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"Diplomacy Is No Translation Software" – Interview With Hungary's New Ambassador To Washington

By Hungary Today // 2015.01.31.

Relations with the United States must again take a turn towards dialogue, understading and cooperation, Hungary’s new ambassador to Washington Réka Szemerkényi has said in an interview with the weekly Heti Válasz.
– Where you worried for a moment that you might not receive an agrément from the Americans?
– Why would I have been worried? The procedure unfolded according to the routine. Moreover, if we count the days strictly, I even received the agrément earlier than usual, meaning that pieces of news claiming that it was held back were presumably based on a misunderstanding. Luckily nobody, not even Hungarian left-wing experts and the media,  disputed my appointment. American-Hungarian relations are highly important with regard to enforcing the Hungarian interest on the long run, but in the present situation I regard this commission to be especially important. Relations have to return to the framework of balanced, mutually beneficial cooperation.
– Will the emphasis of your work be on building economic relations or will the highlight be on traditional diplomacy with the American party?
– It can only be applauded that economic diplomacy has become a major area for Hungarian foreign policy too – this development is a “translation” of a change on the international scene to diplomacy, because the importance of economic relations is on the increase since the end of the Cold War. However, this cannot be to the detriment of traditional diplomacy. Understandably, it is impossible to establish economic cooperation without trust, and trust does not come out of thin air.
– It can come from exactly there, too: if we were to buy US military helicopter for hundreds of billions of forints, we’d immediately turn in to a marvellous democracy, am I not right?
– The trust stemming only from a good business deal would not be real. We have a good network of relations in the field of diplomacy, our economic cooperation is also working well, and acquiring helicopters is an independent decision, in which the best offer has to be accepted.
– Could American shale gas be the solution [to diversifying sources of Hungary’s natural gas]?
– At least five or six years is needed for shale gas to begin heading towards world markets, because no terminals exist to liquify it yet. While not a molecule of American shale gas has arrived to Europe yet, it news has already had a beneficial influence on gas prices. During the previous four years, one of the important elements of the Visegrád cooperation was that we jointly stood up for the ban on exporting US shale gas to be lifted, in order to stimulate competition and diversity. This is only one example that Hungarian and US interests could strengthen each other. Strengthening relations is in our strategic interest.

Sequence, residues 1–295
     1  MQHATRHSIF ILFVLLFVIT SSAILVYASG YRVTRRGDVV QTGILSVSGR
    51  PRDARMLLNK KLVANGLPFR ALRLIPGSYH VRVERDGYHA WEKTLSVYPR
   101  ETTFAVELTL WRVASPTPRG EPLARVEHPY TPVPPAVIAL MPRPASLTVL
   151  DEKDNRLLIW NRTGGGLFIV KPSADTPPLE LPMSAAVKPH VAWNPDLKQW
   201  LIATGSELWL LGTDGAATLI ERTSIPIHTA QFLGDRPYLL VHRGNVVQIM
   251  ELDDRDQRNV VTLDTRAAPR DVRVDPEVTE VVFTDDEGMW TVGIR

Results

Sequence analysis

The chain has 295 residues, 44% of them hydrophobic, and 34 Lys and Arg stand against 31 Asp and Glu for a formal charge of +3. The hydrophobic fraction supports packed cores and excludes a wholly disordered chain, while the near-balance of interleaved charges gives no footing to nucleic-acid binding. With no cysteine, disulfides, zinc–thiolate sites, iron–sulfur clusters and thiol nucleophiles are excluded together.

– We’ve suddenly become important becuase of the developments in the Ukraine, no?
– This may partly b the case, but it is nevertheles apparent that even in the mid-term, Euro-Atlantic relations could come under a strain so strong, primarily from China and the Arab world, that strengthening transatlatic ties is the common interest of both of us. For this reason, I think it is also important with regard to managing external pressures, which I believe will be perceivable within ten years, for us to strive to reinforce trust and resolve disputed issues. On the international scene, changes are under way which could determine our life in Hungary for the next 50-100 years to come. These are genuine, long-term interests in favour of strengthening Euro-Atlantic cooperation, for both the US and Hungary.
– How can interests be coordinated if, for example, the Americans come out well from European sanctions against Russia, but Europe itself is left disadvantaged?
– People who come to this conclusion fail to put many facts in the right place of this great puzzle. It was realistic to maintain good relations with Russia until the war broke out. When civilians die and separatists acquire arms, however, it is difficult to say “but cooperation is important”. Sanctions also had an adverse impact on th US. One of the most sensitive sanctions, for example, is the ban on selling deep-sea hydrocarbon exploitation technology. This is a type of technology the US possesses but its European allies do not. It has been spelled out that energy importa agreements canot be affected by sanctions, meaning that Washington respects Hungarian and Central European interests. Of course, Russian counter-sanctions have a disadvantageous effect on the Hungarian economy, but they afflict similarly on the Polish economy too. We too must take our part in steering the conflict between Ukraine and Russia towards the negotiation table. Sanctions serve this objective well, while of course it is clear that they will not solve the crisis.
– If Viktor Orbán brands opposition NGOs the agents of alien powers, it will always be understood as a sign that Hungary is undergoing “Putinisation”. Do you believe domestic politics will be adjusted to avoid the unnecessary instigation of international partners?
– Hungary is ruled by law. These are cases in which a legal procedure will reveal whether those in question broke the law or not. If they did, it will need to have consequence – if this was not the case, similarly so. These issues should have nothing to do with our network of strategic relations.
– It wouldn’t, if Hungarian politics wouldn’t send out this message from the highest levels.
– And American politics. But this is the core of the negative spiral we are trying to brake: this is why such questions become exempt from the normal framework of relations.
Excerpt from an interview by András Stumpf, published in the 29 January 2015 edition of the weekly Heti Válasz